Today sees the government unveil what it has described as “the most significant transformation of post-16 education since A levels were introduced some 70 years ago”.
A report into technical education by an independent panel, chaired by Lord Sainsbury, has recommended simplifying the current system so technical education is provided through 15 different routes, with standards being set by employers.
In response, the government will today publish the Post-16 Skills Plan which confirms it will implement all of the recommendations “where that is possible within current budget constraints”.
The reforms will see students choose after their GCSEs whether to take academic or technical qualifications.Those who opt for the new technical path can then choose between a two-year college-based course (featuring compulsory work experience) or an apprenticeship. Both options will include a “common core” of English, maths and digital skills.
'Another form of the 11-plus'
Skills minister Nick Boles said the new system would build on “the progress we have already made by investing in apprenticeships, and creating a skilled workforce that is the envy of every other nation.” He added: “This won’t just help our young people get the best jobs but it will also boost our economy benefitting us all.”
Andreas Schleicher, director for education and skills at the Organisation for Economic Co-operation and Development, said: “Modernising apprenticeships has been on the policy agenda for some time already, but now the UK has a promising plan to advance technical education from a last resort to a first choice. Bringing training in line with the needs of the economy will be key to drive up productivity and prosperity.”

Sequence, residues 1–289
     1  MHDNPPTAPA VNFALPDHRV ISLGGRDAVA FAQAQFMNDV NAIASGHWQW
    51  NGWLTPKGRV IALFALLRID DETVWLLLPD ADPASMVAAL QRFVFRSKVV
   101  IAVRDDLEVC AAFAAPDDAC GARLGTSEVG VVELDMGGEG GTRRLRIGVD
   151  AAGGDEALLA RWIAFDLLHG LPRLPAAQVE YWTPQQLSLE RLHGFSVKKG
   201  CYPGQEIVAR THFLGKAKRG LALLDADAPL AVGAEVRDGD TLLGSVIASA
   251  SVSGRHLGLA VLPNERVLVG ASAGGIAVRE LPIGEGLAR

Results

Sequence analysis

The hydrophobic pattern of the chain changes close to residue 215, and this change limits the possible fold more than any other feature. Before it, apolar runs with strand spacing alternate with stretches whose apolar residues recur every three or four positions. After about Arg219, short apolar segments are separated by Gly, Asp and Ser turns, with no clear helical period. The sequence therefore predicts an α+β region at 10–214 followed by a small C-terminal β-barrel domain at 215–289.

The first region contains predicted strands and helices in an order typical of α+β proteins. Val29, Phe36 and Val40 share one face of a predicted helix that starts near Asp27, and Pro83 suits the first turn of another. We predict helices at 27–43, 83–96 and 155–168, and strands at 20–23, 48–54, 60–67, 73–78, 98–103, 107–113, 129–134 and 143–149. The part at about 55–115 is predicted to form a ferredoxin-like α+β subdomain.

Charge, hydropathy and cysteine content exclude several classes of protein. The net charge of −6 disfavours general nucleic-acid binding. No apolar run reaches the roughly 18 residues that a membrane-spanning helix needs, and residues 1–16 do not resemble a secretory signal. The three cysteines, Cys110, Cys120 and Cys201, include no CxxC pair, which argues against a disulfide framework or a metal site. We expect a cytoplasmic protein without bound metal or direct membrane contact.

But shadow skills minister Gordon Marsden told TES there was a “lack of clarity” around many aspects of the plans, and said more details were needed to reassure people that the technical pathways would be as prestigious as the academic options. “People will be worried it’s going to be another form of the 11-plus,” he added.
Mr Marsden also warned that, given the implications of the UK’s vote to leave the European Union, the planned schedule for implementation was “wildly optimistic, if not to say ludicrous”.
He added that Mr Boles’ acknowledgement that the reforms were dependent on funding being available was a “big caveat”, adding: “That’s civil servant-speak for ‘You’re not going to get it all’.”
Martin Doel, chief executive of the Association of Colleges, said the skills plan brought “welcome clarity of the routes, both academic and technical, that will lead people successfully towards their chosen careers”.
However he added that additional funding would be needed to make the plans a success, with providing work experience costing “hundreds of millions of pounds” alone.
The creative arts and sport were also “under-represented” in the 15 pathways, he added.
Bill Watkin, chief executive of the Sixth Form Colleges’ Association, said: “This is an important report that reflects the views in sixth-form colleges that young people need different pathways and a structured direction to follow, and that society’s needs are for a workforce with a range of backgrounds, experiences, skills and aptitudes.”
The plans were also welcomed by Kirstie Donnelly, managing director of City & Guilds. “There is clearly still detail to be worked through but my hope is that for the first time, this plan will enable high quality technical pathways through to employment, apprenticeships and higher education, and make it much easier for young people to see their end destination and plot how to get there,” she said.
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